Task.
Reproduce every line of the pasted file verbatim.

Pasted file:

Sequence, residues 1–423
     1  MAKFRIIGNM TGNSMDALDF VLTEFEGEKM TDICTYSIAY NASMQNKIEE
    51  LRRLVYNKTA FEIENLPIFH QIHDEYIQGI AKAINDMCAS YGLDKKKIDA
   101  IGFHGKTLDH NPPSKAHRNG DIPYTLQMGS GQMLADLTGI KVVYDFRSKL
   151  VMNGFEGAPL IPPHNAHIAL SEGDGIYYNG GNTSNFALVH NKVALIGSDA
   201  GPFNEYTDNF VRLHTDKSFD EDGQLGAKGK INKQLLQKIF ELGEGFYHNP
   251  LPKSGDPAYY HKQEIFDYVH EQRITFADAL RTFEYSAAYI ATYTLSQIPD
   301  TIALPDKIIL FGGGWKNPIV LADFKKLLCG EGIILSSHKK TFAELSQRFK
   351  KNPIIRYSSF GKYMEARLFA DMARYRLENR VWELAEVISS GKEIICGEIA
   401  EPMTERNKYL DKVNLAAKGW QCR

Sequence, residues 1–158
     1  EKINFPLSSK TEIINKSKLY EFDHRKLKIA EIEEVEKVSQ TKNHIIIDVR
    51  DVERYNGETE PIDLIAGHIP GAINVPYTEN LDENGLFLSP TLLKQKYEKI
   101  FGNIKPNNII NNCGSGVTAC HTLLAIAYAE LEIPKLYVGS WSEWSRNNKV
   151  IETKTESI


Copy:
Sequence, residues 1–423
     1  MAKFRIIGNM TGNSMDALDF VLTEFEGEKM TDICTYSIAY NASMQNKIEE
    51  LRRLVYNKTA FEIENLPIFH QIHDEYIQGI AKAINDMCAS YGLDKKKIDA
   101  IGFHGKTLDH NPPSKAHRNG DIPYTLQMGS GQMLADLTGI KVVYDFRSKL
   151  VMNGFEGAPL IPPHNAHIAL SEGDGIYYNG GNTSNFALVH NKVALIGSDA
   201  GPFNEYTDNF VRLHTDKSFD EDGQLGAKGK INKQLLQKIF ELGEGFYHNP
   251  LPKSGDPAYY HKQEIFDYVH EQRITFADAL RTFEYSAAYI ATYTLSQIPD
   301  TIALPDKIIL FGGGWKNPIV LADFKKLLCG EGIILSSHKK TFAELSQRFK
   351  KNPIIRYSSF GKYMEARLFA DMARYRLENR VWELAEVISS GKEIICGEIA
   401  EPMTERNKYL DKVNLAAKGW QCR

Sequence, residues 1–158
     1  EKINFPLSSK TEIINKSKLY EFDHRKLKIA EIEEVEKVSQ TKNHIIIDVR
    51  DVERYNGETE PIDLIAGHIP GAINVPYTEN LDENGLFLSP TLLKQKYEKI
   101  FGNIKPNNII NNCGSGVTAC HTLLAIAYAE LEIPKLYVGS WSEWSRNNKV
   151  IETKTESI